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Sunday, February 20, 2011

More Snowy Scenes from the Cuyamaca Mountains

Some wintery images from the trip to the mailbox by the lake.

Lake Cuyamaca and Stonewall Peak

Snowy casualties of the Cedar Fire

Last light on Stonewall Peak

Icy oak leaves along Engineers Road

This Red-tailed Hawk had a companion when we first spotted it, but the second bird decided to leave as we crept closer for a photo. There was clearly some impressive snow and wind at this spot last night!

El Capitan in sunset light. There are little bits of snow visible in the foreground.

Finally Some Snow!

And good timing, too - on the weekend!

This is the first real snow of the season, and it only added up to about three inches, but that's plenty, I'd say. And it's melting fast now that the sun is up.
The ground squirrels' boulder field. I'm sure they are cozy in their burrows.


The Toyon still has its berries.




The landscape looking to the west. Just a hint of sun on the slopes on the left. Hard to believe that this a color photo!

Tuesday, February 15, 2011

A Mountain Lion Among Us

Although it is not news that there are plenty of mountain lions in the area, it is still exciting to get confirmation of their presence. Last Sunday evening, as we sat on the patio watching the sunset, we heard a flurry of dog barking from the northwest. Not long after a phone call from the neighbors explained it - one of the dogs had treed a full grown mountain lion! About two weeks ago, as I was driving home on Sandy Creek Road (about half a mile from our house) a domestic cat-sized creature scuttled into the brush in front of my car. What seemed odd about it was its SPOTTED coat (as opposed to tabby striped) and rounded ears set low on the head, combined with a long tail. In retrospect, this creature seemed reminiscent of a mountain lion cub, although my look at it was too brief to be sure.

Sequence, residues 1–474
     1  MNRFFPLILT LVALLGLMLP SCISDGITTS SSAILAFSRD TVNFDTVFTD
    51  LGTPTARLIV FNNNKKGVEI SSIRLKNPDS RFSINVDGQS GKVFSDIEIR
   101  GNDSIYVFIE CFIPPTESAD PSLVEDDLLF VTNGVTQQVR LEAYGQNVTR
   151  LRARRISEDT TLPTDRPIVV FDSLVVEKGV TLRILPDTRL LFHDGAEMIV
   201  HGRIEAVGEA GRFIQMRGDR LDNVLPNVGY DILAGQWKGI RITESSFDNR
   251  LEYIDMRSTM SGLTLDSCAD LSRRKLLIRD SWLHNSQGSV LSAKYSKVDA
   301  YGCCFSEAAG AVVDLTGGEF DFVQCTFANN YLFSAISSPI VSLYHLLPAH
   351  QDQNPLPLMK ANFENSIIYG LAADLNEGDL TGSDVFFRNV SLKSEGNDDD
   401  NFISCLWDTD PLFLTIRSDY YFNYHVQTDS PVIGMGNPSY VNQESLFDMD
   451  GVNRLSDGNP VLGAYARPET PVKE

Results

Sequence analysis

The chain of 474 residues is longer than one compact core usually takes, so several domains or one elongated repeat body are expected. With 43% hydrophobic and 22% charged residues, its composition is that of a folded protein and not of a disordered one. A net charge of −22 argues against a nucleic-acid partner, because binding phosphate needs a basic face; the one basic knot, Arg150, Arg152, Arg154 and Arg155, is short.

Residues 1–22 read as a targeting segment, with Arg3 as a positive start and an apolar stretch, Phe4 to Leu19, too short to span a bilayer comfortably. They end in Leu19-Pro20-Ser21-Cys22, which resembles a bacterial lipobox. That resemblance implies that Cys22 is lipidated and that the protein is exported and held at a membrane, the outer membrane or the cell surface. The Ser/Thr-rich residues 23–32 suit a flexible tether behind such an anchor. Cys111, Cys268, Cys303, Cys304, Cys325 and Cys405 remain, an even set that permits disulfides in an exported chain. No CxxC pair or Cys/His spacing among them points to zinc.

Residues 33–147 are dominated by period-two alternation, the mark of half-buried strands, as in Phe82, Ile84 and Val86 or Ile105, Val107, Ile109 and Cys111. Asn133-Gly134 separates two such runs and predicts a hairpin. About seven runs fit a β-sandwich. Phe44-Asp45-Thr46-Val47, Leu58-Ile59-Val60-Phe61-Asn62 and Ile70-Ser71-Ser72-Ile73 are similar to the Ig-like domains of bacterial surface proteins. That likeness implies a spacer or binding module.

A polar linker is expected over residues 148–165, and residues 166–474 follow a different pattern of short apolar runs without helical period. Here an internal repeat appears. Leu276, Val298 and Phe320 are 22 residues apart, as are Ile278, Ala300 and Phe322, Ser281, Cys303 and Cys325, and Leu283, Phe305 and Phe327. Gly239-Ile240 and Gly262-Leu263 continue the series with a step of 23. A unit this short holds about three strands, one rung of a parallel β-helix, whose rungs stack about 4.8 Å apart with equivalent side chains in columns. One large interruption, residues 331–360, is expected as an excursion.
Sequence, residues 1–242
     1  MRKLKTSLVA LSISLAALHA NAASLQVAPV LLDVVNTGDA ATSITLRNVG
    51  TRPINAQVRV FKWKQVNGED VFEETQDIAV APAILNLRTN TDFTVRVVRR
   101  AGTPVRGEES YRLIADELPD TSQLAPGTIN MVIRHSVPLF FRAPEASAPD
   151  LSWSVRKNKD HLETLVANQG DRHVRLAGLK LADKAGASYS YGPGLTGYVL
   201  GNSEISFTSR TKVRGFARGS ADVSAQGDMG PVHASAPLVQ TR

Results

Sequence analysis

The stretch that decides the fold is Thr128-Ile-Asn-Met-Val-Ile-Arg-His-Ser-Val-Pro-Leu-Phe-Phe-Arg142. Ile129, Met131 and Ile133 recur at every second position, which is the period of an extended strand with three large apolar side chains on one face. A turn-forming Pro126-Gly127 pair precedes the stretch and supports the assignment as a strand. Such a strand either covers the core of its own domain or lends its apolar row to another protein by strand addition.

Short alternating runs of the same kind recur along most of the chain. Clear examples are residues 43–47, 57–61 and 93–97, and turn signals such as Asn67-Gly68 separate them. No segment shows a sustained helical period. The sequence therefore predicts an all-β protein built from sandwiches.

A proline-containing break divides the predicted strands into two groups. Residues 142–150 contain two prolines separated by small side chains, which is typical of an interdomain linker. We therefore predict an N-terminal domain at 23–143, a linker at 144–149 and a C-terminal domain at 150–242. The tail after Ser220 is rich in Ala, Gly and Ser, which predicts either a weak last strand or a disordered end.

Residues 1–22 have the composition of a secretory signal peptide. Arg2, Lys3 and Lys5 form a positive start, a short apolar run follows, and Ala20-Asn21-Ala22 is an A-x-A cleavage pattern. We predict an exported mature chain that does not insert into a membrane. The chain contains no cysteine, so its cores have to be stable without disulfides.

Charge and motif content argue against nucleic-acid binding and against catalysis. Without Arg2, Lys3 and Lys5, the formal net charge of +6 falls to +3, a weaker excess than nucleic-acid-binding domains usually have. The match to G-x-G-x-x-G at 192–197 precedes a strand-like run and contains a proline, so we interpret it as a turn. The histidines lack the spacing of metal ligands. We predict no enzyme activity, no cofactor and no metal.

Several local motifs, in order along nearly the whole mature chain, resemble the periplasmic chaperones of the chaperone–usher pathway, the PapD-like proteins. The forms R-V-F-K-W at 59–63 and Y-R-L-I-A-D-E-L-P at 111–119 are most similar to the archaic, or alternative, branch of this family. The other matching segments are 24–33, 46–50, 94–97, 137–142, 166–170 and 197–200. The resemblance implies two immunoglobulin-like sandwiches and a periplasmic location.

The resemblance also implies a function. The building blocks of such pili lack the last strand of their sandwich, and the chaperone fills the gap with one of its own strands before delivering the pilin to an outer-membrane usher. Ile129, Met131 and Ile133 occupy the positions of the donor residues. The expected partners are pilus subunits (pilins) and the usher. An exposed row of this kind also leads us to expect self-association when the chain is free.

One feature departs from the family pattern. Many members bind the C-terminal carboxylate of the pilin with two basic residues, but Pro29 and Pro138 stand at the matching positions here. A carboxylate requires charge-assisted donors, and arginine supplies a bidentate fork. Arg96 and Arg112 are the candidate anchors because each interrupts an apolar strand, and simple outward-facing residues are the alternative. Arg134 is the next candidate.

Perhaps we have a mother with cubs in the area. Deer (and crepuscular or nocturnal human hikers) beware!

Sunday, February 13, 2011

Why Create This Blog?

A little over five years ago, my husband Gary and I moved away from the San Diego suburbs and into the relative wilderness of the Cuyamaca Mountains of southern California. The area had been burned extensively in 2003 by the Cedar fire, but still retained much beauty and a real sense of wildness, something that is difficult to find in this crowded part of the world.

The plant and animal life here has been far more diverse and wonderful than I ever expected, and I have seen many new "life" species, ranging from long-sought amphibians like the California Tree Frog to spectacular insects like Ergates spiculatus. The original habitat consisted of a mix of pines, cedars, live oaks, black oaks and chaparral species like manzanita and Ceonothus. Recovery since the fire has been slow but steady, and today the landscape actually looks more green than burned, a major milestone!

I hope the nature observations here provide insight and pleasure to fellow nature-lovers in "The Woods" and beyond!

California Tree Frog, Pseudacris cadaverina, found in our Porta-potty during house construction!

Ergates spiculatus, one of the largest local beetles. This is a female, and she is about 55 mm or a little over two inches long.